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 Post subject: Chopin Ballade no.1
PostPosted: Sat May 12, 2007 12:26 am 
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Joined: Sun Jan 14, 2007 8:45 am
Posts: 87
Location: New Zealand
Hey guys, this is my second time recording this piece. (I think you might remember me posting this piece a long time ago)
I don't want this recording to be up on the site because in a week, I'm getting a new grand piano so I'm going to post this again in that piano.
Meanwhile, I want you guys to tell me how much I improved so far and what I'm still lacking.
Thank you for listening. :D


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 Post subject: Ballade
PostPosted: Sat May 12, 2007 11:44 am 
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Joined: Wed Jan 17, 2007 11:26 pm
Posts: 829
Location: Miami, Florida, USA
I thoroughly enjoyed your playing. You did a beautiful job playing this difficult work. What kind of piano were you playing? It was a bit out of tune. I would like to hear you perform this on a nice grand piano. That would make a big difference. Good job!


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 Post subject:
PostPosted: Sat May 12, 2007 11:47 am 
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Dear Hunwoo,
You play this very well. The piano was pretty crummy, so it will be great when you get your new piano. I have only a few suggestions, and they are all a matter of interpretation, so please don't take offense. And most of them are in the beginning few pages.
1. The first measures are setting up the story, one which takes the listener on a dramatic ride full of every emotion there is. I would put a tiny break between measures 3 - 4 and also between 5 -6. This will tell tease the listener, suggesting that something mysterious is coming.
2. The Moderato section - I can't hear all the quarter notes. Don't know if it's the piano or not. You need to be careful with them and make them gentle but clear at the same time.
3. Another little break would be good right after the RH run and into the a tempo - or maybe just a little more rit.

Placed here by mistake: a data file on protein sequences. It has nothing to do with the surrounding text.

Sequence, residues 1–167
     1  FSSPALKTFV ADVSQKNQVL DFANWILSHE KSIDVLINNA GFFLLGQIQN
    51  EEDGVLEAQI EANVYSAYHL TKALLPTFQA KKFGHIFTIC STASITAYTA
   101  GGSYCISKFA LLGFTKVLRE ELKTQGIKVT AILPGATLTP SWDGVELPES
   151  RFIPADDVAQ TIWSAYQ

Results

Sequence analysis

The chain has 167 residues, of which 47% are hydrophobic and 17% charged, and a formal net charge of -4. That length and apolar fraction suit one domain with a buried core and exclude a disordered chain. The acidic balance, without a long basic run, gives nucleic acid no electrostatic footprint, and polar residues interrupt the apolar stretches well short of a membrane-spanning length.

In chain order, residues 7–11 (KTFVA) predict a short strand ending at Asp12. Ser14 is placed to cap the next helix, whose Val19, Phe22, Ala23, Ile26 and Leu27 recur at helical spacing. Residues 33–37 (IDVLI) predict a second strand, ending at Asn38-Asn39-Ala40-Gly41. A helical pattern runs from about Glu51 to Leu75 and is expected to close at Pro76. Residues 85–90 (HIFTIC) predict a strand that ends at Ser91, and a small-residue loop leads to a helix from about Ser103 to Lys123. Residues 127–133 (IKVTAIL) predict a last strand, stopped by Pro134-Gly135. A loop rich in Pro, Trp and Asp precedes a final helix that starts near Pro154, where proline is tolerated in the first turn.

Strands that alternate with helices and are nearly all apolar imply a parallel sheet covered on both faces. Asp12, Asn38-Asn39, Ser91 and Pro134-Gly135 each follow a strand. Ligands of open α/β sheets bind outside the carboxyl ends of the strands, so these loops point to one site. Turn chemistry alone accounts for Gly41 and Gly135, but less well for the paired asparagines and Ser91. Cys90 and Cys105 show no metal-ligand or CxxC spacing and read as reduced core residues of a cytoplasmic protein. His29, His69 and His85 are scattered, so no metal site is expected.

4. Meno mosso section - about 7 lines in where the a tempo is. This needs to be softer - arousing the mystery once again.
5. the con forza section could be little 'bigger' sounding.

Overall, you have the notes and tempo down well, and you have the potential to make this really great. Can't wait to hear it later. It's already really good.

_________________
"Simplicity is the highest goal, achievable when you have overcome all difficulties." ~ Frederic Chopin

my videos: http://www.youtube.com/user/monicapiano
my personal website: http://www.monicaalianello.com


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 Post subject:
PostPosted: Sat May 12, 2007 12:36 pm 
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Joined: Mon Jun 19, 2006 5:29 am
Posts: 692
Location: Germany
Hello Hunwoo,

you really did a great job!
I agree with what Monica and John wrote already, however it is more than a bit out of tune what John wrote. Let's say that are at least some bits :D

Beside what Monica mentioned, you corrected some wrong notes through repetition, like after the 2nd theme before it comes to the a part again, or after the ff part (you "exploded" there beautiful!) in the beginning of the piu animato part (a repetition of a complete bar or half a bar, I dunno). No big deal, since you know the notes. But technically seen you mastered especially the difficult passages inclusive the presto con fuoco part very well, congratulations for that.